This acknowledgement, ment of the Western by the Federal officers, of Vriginia Government. the authority of the Western Virginia Legislature, was in furtherance of the Executive policy in the treatment of the case. It was a sound procedure, which only had to be adhered to, to cloak all of The wiser-nay, the shrewder-policy was Virginia with the vestment of loyalty when to recognize the Western Virginia Governthe State should all be redeemed. Generalment as the State Government de facto of Order 99, dated Nov. 14th, and issued from Virginia, as was done in the above orders. headquarters, made public the administrative The subdivision of the State is another of the policy adopted. It read: sins of commission for which the Federal Congress and President must answer.
"HEADQUARTERS OF THE ARMY, ADJUTANT-GENERAL'S OFFICE, Nov. 14, 1861. "Complaint has been made to the President of the United States that certain persons within the State of Virginia, in places occupied by the forces of the United States, claim to be incumbents of civil
It is well here to look over the lines to see how the enemy regarded affairs, in a military sense, at the close of the year 1861. That they were both jubilant and depressed the
Rebel Views of "The Situation."
REBEL VIEWS OF "THE SITUATION."
Rebel Views of "The Situation."
tone of their journals prove | produce a total loss of con-jubilant over their mili- fidence in the Lincoln adtary successes but depress-ministration among its own ed at the formidable attitude of the Federal people; and that would most probably be Government and the failure of all their the real effect. Both the North itself, and schemes for a foreign recognition. Their more particularly the administration in powsuceesses were conceived to have been deci- er, are impelled to offer battle at this moment sive, east and west-were so avowed by Da- | by necessities which seem to us as imperative vis in his message of Nov. 18th, as well as by as irresistible. They must fight, and we are the press generally. There was complaint ready for the fray. The defiant cry of the at the want of greater success. Those oppos- whole South is, 'Lay on, Macduff.' If uted to the "defensive" policy adopted by Da- tered by an enemy this was prophetic. None vis, conceived it possible to have winter- so well as the rebels themselves knew the quartered their armies on Northern soil; and best policy to pursue for their "subjugation :" their organs, while accepting the general re- it would have been well to have profited by sults of victories won, still declared the past their apprehensions. Earlier than this the campaign but a comparative success. [See rebel chiefs considered the advance against the article quoted in Appendix, page 523.] Manassas as a failure; and though they preThere was no fear of McClellan's approach. pared to run, if such a necessity should arise The Richmond Dispatch of Dec. 23d, said: by McClellan's springing upon them some "It is the warm sun that brings out the ad- unlooked-for strategy or energy, they still der. The splendid season of dry weather regarded the Army of the Potomac as harmthat we have had for three weeks has hard- less, for the winter at least. The Richmond ened the earth, restored the roads, prepared Examiner of November 14th, reviewing their the way for a grand advance of the enemy successes, said: wherever he is in force. It is almost incredible that he will refuse to avail himself of the auspices which thus smooth his path. The untoward affair on Friday last at Dranesville, will probably inspire his soldiers with some confidence in themselves, and conspire with the excellent roads to invite an advance." The expectation of an advance against Manassas was as generally entertained in Richmond as in the Northern cities. The rebel Congress had prepared for such a contingency by resolving Nashville, Tennessee, as the future capital of the Confederacy; Government and State archives were put in order for immediate shipment to the interior-all in expectation of the march of the vast army around Washington upon Richmond. So certain were the Confederates of this advance that the press construed any further delay on the part of the Federals as an evidence of want of pluck, and of confidence in their cause. Said the Dispatch: "To refuse to fight under the influences now pressing upon it, would argue an imbecility in the North, its generals, and its armies, which could not fail to be interpreted most unfavorably against that section. Such a failure ought to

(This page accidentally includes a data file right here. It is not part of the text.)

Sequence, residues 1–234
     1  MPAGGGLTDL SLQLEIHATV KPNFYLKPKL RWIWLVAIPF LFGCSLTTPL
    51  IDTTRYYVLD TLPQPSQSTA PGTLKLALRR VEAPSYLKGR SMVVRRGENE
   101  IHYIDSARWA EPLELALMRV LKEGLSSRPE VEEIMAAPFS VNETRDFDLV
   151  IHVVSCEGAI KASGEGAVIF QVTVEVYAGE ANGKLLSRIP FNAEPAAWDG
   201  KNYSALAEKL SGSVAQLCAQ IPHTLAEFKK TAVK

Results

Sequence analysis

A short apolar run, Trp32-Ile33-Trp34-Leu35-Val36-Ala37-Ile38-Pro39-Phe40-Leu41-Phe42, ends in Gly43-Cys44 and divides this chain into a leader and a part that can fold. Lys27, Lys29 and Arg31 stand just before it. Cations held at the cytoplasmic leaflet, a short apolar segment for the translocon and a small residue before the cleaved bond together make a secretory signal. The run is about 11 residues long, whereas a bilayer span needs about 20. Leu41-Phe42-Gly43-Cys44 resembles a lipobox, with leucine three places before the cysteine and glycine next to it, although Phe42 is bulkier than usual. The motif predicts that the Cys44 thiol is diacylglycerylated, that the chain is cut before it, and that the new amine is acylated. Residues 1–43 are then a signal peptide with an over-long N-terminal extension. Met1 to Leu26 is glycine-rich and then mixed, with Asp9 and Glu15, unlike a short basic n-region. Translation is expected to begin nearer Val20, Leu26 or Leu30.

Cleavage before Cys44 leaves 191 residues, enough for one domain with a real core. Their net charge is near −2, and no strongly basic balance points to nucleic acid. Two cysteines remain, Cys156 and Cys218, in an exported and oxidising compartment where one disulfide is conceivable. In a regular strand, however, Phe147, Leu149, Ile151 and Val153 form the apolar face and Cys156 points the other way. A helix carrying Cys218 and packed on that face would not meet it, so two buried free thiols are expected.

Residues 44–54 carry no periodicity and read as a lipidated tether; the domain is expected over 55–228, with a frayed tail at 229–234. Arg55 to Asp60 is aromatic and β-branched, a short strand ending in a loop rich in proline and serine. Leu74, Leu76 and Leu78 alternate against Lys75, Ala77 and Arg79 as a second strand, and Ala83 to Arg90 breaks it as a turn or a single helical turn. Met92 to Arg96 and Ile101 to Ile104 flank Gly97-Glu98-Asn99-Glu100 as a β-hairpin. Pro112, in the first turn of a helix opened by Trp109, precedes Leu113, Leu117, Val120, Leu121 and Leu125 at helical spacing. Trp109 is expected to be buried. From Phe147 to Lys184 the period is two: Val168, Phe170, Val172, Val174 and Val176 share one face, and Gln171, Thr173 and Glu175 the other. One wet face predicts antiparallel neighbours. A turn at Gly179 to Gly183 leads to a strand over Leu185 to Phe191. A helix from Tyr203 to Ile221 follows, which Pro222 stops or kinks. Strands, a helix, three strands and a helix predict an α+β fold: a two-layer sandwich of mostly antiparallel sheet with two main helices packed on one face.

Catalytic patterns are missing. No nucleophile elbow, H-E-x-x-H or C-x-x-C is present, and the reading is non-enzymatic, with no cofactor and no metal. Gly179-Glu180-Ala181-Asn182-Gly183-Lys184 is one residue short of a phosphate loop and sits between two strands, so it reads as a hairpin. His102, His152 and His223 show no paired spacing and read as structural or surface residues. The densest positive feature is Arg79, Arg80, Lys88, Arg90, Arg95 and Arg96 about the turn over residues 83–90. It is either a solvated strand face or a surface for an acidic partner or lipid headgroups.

"In the Peninsula Magruder holds the enemy securely in check. In the single battle there fought the enemy was ignominiously routed. At Manassas our army has held its ground firmly, proudly and defiantly. It awaited with confidence the onset of the finest army that had been hitherto organized on this continent, and drove it back with a loss, not so much of numbers as of honor, that never will be forgotten. In its old stand point it defies the advance of the enemy. It is a standing menace and insult to the enemy. It is within twenty miles of his capital, and it means to stay there or to advance